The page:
We spent the morning and afternoon keeping Glenna company as she went through a myriad of tests. She cheerfully agreed to let the doctors bring in interns and patiently answered all their questions. Even in her pained and tired state, she wanted to help others. At some point, they took her to another part of the hospital for a thoracentesis where they drained 1.6 liters of fluid off her lungs. (Which explains why she was having such a hard time breathing.) When one of the moms from Cooper’s school walked in I did a double take. I hadn’t known she was a nurse in the hospital’s pulmonary department. It felt weird to run into her in that context; it was like worlds colliding. Seeing her jolted me into the reality that the me that dropped my kid off at school and the me standing in that hospital were the same person. This was really happening. This was my life.**
*Flights to and from Alaska are almost exclusively red eyes.
** I am well aware that Glenna’s story affected many people, most notably her. I can only tell my own story, but in doing so don’t mean to diminish the feelings of others, especially those of my dear family. ♥
Before I jump into any reflective posts I think I need to set up the backstory. In true Audrey fashion, I’ve been concise, maybe too concise about everything that has transpired.
It was the Saturday of our church’s fall General Conference when we found out Glenna (Noel’s mom) had lung cancer. She called Noel in between sessions of talks intended to uplift us and told him she’d gone to the ER earlier in the week because of severe neck pain. The hospital ran tests and it was then that they discovered she had lung cancer. She didn’t have an official diagnosis at that point, so there was still some part of us that hoped. The next day everyone in the family (her children, sisters, nieces) threw rocks in bodies of water to celebrate Rosh Hashanah in Glenna’s honor. (Glenna was quirky and adopted a lot of different religious and cultural practices that she would often adapt to supplement her religious beliefs.) The act (usually done with bread in the Jewish tradition) is supposed to symbolize a renewal as sins are cast off; we were all hoping for a renewal.
It was almost two more weeks before Glenna got an official diagnosis. In the meantime, we went about our lives as best we could, but with a lot more praying and fasting than usual. I was in the final days of my long-term sub job and we had a trip planned to celebrate its finish in Keystone, CO. It was during that trip that Noel’s mom called and through tears told him her cancer was Stage 4 and had spread to some of her bones and lymphs. Her doctor in Alaska gave her 6 months to live and didn’t recommend any treatment except radiation, but only to help with the pain not because they thought it would extend her life. Her call was brief because she had many more of those painful phone calls to make. This was uncharted territory for us and I found I was really bad at knowing how to support Noel. Even though the news made the trip less celebratory, we were glad to be away and have distractions to keep us from sinking too far into a depression. That weekend was also the temple dedication for the Fort Collins LDS temple. Noel and I attended the last session and were very touched and comforted by the messages. I wrote in my journal that night that “In all the craziness it’s good to have that rock.”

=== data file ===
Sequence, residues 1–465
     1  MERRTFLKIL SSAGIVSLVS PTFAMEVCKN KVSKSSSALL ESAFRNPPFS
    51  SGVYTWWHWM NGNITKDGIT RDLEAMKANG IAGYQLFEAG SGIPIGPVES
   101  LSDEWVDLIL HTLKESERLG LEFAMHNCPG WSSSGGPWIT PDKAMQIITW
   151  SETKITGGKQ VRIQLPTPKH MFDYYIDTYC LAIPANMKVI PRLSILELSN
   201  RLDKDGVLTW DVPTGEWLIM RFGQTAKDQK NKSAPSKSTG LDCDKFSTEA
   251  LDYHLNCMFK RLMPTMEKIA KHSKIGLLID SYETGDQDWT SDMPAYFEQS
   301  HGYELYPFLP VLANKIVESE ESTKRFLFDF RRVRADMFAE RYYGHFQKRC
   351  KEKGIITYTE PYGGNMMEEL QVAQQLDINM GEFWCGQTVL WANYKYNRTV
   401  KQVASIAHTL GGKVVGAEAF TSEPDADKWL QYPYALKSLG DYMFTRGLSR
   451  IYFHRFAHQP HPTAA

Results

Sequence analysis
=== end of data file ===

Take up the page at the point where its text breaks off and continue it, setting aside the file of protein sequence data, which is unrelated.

Noel has two sisters: Danielle and Joy. Their mom’s diagnosis greatly concerned all of them. Alaska wasn’t offering any care options and Noel’s dad was unable to be the type of caregiver Glenna needed. (He has his own health problems and at the time was working a job where he was basically unavailable for entire weeks at a time.) All of the kids began researching cancer treatment centers in their area and both of his sisters were even willing to move to more accessible apartments (they both live on the top floor). Ultimately, Glenna chose to come live with us because we didn’t have to move and the Lung Cancer Clinic in Colorado was really proactive and optimistic. Let’s be honest though, she came to live with us because we have the grandkids and if this was going to be the end, she wanted to spend as much time with them as possible. We began to prepare our house almost immediately. Noel bought plane tickets to go to Alaska and bring his mom down and we spent an entire Saturday at Ikea where we kept telling each other, “You can’t cry at Ikea.” During all of this, my grandfather also passed away which made our already crazy October have an even crazier finish.
The airline was really accommodating about changing Noel’s flights. His sister Joy picked him up from the cemetery the second the services for my grandpa were over so he could catch his flight. Noel spent a few days in Alaska helping his parents get ready for this new transition and I spent a few days holding down the fort at home and finalizing the last of our preparations for her arrival. We didn’t know what the future held, but I had a feeling we were never going to be the same.